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Current Affairs for UPSC IAS Exam – 10 November 2021 | Legacy IAS Academy


  1. SC: Why monitor foreign funds for NGOs?
  2. China exports warship to Pakistan
  3. India’s submarine strength explained
  4. Migrants trapped in Belarus-Poland stand-off

SC: Why monitor foreign funds for NGOs?


The Supreme Court asked the government why the Ministry of Home Affairs (MHA) has been tasked to keep an eye on the inflow and subsequent outflow of foreign funds to NGOs under the foreign contributions regulations law.


GS-II: Polity and Governance (Government Policies & Interventions, Non-Governmental Organisations -NGOs)

Dimensions of the Article:

  1. About the Foreign Contribution (Regulation) Act, 2010
  2. Foreign Contribution (Regulation) Amendment Act, 2020
  3. About the MHA guidelines regarding FCRA and NGOs
  4. Non-Governmental Organisations (NGOs) in India
  5. Why have NGOs been controversial recently?
  6. Government’s arguments

About the Foreign Contribution (Regulation) Act, 2010

  • The Foreign Contribution (regulation) Act, 2010 is a consolidating act whose scope is to regulate the acceptance and utilisation of foreign contribution or foreign hospitality by certain individuals or associations or companies and to prohibit acceptance and utilisation of foreign contribution or foreign hospitality for any activities detrimental to the national interest and for matters connected therewith or incidental thereto.

Key Points regarding FCRA

  • Foreign funding of voluntary organizations in India is regulated under FCRA act and is implemented by the Ministry of Home Affairs.
  • The FCRA regulates the receipt of funding from sources outside of India to NGOs working in India.
  • It prohibits the receipt of foreign contribution “for any activities detrimental to the national interest”.
  • The Act held that the government can refuse permission if it believes that the donation to the NGO will adversely affect “public interest” or the “economic interest of the state”. However, there is no clear guidance on what constitutes “public interest”.
  • The Acts ensures that the recipients of foreign contributions adhere to the stated purpose for which such contribution has been obtained.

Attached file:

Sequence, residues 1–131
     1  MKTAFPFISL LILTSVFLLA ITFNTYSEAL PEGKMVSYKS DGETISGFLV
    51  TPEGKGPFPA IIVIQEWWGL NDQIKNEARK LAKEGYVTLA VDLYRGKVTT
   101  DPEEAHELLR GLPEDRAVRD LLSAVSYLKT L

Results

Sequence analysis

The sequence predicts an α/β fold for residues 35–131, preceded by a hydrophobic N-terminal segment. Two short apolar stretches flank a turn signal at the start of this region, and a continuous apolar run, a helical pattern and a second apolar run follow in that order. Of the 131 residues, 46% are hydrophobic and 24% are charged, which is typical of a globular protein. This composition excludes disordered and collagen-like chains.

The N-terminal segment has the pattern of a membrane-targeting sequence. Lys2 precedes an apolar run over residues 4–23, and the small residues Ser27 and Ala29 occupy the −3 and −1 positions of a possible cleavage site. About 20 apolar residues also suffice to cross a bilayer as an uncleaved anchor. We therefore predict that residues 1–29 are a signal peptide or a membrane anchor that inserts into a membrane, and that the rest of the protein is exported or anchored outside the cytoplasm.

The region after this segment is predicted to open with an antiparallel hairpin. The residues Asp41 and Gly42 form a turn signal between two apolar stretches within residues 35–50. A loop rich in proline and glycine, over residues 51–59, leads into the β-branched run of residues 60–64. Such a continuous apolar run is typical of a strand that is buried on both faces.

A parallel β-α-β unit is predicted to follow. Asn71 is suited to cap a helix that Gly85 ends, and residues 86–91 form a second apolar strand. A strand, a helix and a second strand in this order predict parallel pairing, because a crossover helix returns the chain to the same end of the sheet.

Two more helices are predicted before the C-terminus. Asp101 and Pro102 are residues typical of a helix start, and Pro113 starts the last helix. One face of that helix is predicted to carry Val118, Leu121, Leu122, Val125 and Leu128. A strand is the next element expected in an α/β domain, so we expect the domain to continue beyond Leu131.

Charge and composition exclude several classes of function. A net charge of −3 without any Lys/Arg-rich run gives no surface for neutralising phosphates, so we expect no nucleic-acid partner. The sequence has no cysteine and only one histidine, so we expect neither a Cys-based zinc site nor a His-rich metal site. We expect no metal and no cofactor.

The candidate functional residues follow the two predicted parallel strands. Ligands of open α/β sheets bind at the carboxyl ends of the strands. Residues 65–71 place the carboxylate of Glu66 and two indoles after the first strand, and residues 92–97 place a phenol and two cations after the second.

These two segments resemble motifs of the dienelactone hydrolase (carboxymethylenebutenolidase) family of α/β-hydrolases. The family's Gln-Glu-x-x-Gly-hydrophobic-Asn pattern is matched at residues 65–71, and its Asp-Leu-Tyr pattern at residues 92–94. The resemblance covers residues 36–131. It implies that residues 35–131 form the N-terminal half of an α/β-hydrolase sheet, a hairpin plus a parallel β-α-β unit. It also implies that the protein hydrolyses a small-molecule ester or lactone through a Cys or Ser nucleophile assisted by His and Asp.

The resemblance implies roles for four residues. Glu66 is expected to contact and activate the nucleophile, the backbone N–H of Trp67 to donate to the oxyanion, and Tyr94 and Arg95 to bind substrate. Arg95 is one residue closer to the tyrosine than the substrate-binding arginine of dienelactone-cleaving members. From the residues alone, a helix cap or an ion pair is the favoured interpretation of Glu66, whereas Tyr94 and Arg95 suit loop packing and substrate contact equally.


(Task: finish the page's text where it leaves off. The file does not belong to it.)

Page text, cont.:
• Under the Act, organisations require to register themselves every five years.

Foreign Contribution (Regulation) Amendment Act, 2020

  • The Act bars public servants from receiving foreign contributions. Public servant includes any person who is in service or pay of the government, or remunerated by the government for the performance of any public duty.
  • The Act prohibits the transfer of foreign contribution to any other person not registered to accept foreign contributions.
  • The Act makes Aadhaar number mandatory for all office bearers, directors or key functionaries of a person receiving foreign contribution, as an identification document.
  • The Act states that foreign contribution must be received only in an account designated by the bank as FCRA account in such branches of the State Bank of India, New Delhi.
  • The Act proposes that not more than 20% of the total foreign funds received could be defrayed for administrative expenses. In FCRA 2010 the limit was 50%.
  • The Act allows the central government to permit a person to surrender their registration certificate.

About the MHA guidelines regarding FCRA and NGOs

  • The Ministry of Home Affairs (MHA) issued new regulating guidelines to banks under Foreign Contribution (Regulation) Act, 2010. It states that the donations received in Indian rupees by non-governmental organisations (NGOs) and associations from any foreign source (even if that source is located in India at the time of such donation) should be treated as foreign contribution.
  • Under the issued regulations, donations given in Indian rupees (INR) by any foreigner/foreign source including foreigners of Indian origin like Overseas Citizen of India (OCI) or Person of India Origin (PIO) cardholders should also be treated as foreign contribution.
  • The guidelines mandate that good practices should be followed by NGOs in accordance with standards of global financial watchdog- Financial Action Task Force (FATF).
  • MHA asked NGOs to inform the Ministry about “suspicious activities” of any donor or recipient and “take due diligence of its employees at the time of recruitment.”
  • Several NGOs have argued that the amendment severely restricted the use of foreign funds by them for their activities and also restricts their ability to transfer funds to other philanthropic organisations within the country.